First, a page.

But the beauty of Vivy is that we don’t have to worry about the consequences of their actions, because there aren’t any! For example, one of the biggest disasters in the original timeline is when a robot is believed to have crashed a space hotel onto earth, killing who knows how many. Not surprisingly this led to a major anti-AI backlash. But thanks to Vivy’s efforts, a robot instead sacrifices her life to save everyone else. You’d expect that to have huge consequences, but there are seemingly none. All that changes is that the next item on their checklist happens slightly earlier. This makes no sense at all, but the main characters are unperturbed. They just briefly go “huh” and continue their mission. Were they expecting this to happen? Surely not, because the whole point of their efforts is to change the future. But if the future was supposed to change, their initial task list would’ve been invalidated the first time they changed anything. One of their later missions is to prevent the first ever robot suicide, and somehow this was still going to happen in the same way at the same time despite how much of a mess of the timeline they’d made. All these issues made it hard to understand what exactly the story was going for. For a long time I suspected Matsumoto was hiding something because the things he was saying didn’t add up, but that was never actually the case. It was just bad writing.
And yes, there is kind of a plot twist. It turns out that the Archive AI that would later cause all robots to go berserk was also monitoring Vivy all this time, and making adjustments to avoid any changes to the timeline. How can it accurately predict everything 100 years into the future and also know how to counteract any efforts to change it by people with knowledge of said future? it just can, okay. It’s really smart. Just take our word for it, you don’t have to actually see any of it. The only glimpse we got of the Archive’s actions were when it apparently contacted the leader of the terrorist group and convinced him to turn himself into a robot so that four decades later he could confront Vivy and sort of get in her way just enough but without actually killing her. And it knew that doing all that would have no unforeseen consequences of its own, even though it required technology that was unknown at the time. Handwaving does not even begin to describe it.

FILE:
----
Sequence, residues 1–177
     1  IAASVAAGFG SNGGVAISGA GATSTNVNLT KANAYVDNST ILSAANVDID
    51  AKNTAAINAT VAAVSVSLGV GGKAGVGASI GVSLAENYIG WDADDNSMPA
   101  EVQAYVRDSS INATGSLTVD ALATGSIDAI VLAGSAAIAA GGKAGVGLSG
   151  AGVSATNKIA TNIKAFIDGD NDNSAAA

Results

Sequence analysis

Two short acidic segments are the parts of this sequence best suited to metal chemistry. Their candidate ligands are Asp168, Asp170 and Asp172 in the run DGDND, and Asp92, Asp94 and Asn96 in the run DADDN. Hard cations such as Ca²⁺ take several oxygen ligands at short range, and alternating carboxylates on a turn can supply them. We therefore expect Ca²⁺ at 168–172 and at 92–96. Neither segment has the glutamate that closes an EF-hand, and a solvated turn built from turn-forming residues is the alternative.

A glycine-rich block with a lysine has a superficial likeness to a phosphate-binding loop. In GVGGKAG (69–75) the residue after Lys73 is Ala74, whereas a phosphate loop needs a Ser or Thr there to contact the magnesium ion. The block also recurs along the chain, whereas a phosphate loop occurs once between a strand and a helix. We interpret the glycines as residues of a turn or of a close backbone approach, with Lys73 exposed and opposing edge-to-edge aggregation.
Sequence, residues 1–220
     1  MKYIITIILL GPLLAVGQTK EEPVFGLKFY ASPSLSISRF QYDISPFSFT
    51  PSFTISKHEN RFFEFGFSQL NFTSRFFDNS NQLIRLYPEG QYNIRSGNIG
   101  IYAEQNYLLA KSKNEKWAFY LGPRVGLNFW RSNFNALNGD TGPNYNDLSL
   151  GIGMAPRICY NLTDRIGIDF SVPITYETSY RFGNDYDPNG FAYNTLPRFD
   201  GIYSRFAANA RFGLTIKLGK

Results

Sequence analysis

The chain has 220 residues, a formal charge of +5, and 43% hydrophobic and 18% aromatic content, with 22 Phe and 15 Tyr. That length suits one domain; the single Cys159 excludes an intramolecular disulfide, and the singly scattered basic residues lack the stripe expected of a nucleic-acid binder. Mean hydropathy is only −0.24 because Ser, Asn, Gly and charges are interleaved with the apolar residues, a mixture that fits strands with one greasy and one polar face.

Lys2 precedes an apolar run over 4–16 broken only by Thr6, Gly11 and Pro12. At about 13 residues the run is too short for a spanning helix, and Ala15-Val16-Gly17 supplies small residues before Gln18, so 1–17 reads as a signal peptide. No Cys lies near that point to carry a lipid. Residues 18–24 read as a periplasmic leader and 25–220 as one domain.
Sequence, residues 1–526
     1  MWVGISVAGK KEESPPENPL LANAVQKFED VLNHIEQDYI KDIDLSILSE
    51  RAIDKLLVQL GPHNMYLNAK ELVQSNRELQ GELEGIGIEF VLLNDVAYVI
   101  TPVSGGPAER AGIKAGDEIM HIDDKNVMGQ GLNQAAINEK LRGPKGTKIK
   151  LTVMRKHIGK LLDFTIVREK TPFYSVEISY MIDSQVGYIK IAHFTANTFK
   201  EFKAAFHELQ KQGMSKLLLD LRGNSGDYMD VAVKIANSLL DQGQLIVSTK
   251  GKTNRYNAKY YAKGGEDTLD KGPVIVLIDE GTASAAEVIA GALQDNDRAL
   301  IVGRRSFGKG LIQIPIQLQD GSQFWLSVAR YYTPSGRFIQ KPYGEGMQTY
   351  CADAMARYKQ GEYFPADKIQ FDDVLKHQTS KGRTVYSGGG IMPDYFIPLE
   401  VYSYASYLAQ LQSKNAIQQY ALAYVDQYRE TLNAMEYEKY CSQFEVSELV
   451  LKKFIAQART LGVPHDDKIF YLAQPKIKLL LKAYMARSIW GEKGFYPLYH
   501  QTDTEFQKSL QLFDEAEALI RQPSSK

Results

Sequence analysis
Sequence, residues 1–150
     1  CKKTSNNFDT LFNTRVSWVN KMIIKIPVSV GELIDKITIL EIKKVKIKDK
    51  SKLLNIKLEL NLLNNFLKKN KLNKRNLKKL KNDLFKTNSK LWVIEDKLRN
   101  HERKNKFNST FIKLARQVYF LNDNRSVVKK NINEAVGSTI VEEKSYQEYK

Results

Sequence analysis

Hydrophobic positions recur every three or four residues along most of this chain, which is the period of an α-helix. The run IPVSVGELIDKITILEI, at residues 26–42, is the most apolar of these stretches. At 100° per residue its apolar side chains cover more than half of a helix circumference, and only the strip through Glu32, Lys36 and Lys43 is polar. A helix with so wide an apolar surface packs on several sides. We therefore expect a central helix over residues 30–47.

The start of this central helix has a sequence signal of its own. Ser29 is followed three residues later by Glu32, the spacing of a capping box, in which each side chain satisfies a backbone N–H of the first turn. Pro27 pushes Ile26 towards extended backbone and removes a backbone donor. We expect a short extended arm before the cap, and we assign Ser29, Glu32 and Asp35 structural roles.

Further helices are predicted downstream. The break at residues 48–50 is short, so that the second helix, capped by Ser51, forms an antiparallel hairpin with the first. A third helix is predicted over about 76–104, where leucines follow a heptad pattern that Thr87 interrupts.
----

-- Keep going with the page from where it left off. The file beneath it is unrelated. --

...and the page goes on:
So if the Archive knew what Vivy was doing all along, why didn’t it just stop her? Well, turns out the Archive couldn’t make up its mind on whether or not to kill all humans, so it wanted to let Vivy decide, because she’s the only robot to have ever shown a spark of creativy when she composed a song of her own. Or rather, this is what the show tells you. There’s a long list of things other robots in Vivy do that display a sense of humanity, but it really wants you to think Vivy is special, because she’s the main character. Also, for some reason the Archive only told her about this after the robots had already started killing people, so there was no way to completely prevent the damage. Unless they could time travel. Which they can, and do. But even though Matsumoto originally went back 100 years, this time they decide the best time is right after the killing started. So they get a redo, but thousands of people still die. Vivy sings her special song, and all robots shut down, their souls scattering to the winds. And that’s it. That’s the big ending to the show where almost all major characters were robots: a robot doing a robot genocide. And even if that’s not the intended reading (and I don’t see how it couldn’t be), robots still went haywire across the globe and caused tons of casualties. All hope for emancipation is lost, and any surviving AIs would be lucky if they didn’t get hunted down by angry mobs.
But hey, look at the bright side! Vivy is still alive! Except that she has seemingly lost all memories and personality. Just a shell of her former self. Why? I have no idea. As far as I could tell, it wasn’t foreshadowed, and it serves no purpose except to punish the robot characters even more. Vivy had been living for a century, so even having her die as a final sacrifice would’ve been way better than this. It leaves me wondering what Vivy was trying to say. The message is muddled if you treat it as anything more than the most surface level “Wow, Vivy experiences things and learns to sing from the heart!!”. The story wants you to care about its robot characters, but not about the fact that they are, for all intents and purposes, human, except without human rights. As far as I’m concerned, the viewpoint of the story is that “it’s better this way”, that robot matter less than humans, that they’re disposable, and that it’s good, actually, that all the robots got destroyed.
Maybe if the show had been more entertaining, I wouldn’t have been sitting there wondering about the implications of robot slavery. But after the first arc, the nonsense piled up too high to ignore, and no matter how well-animated the action scenes are, it doesn’t matter if they’re not in service of anything good. While the dialogue was pretty good at times, in terms of the overall story, Vivy is one of the worst written animes I’ve seen recently.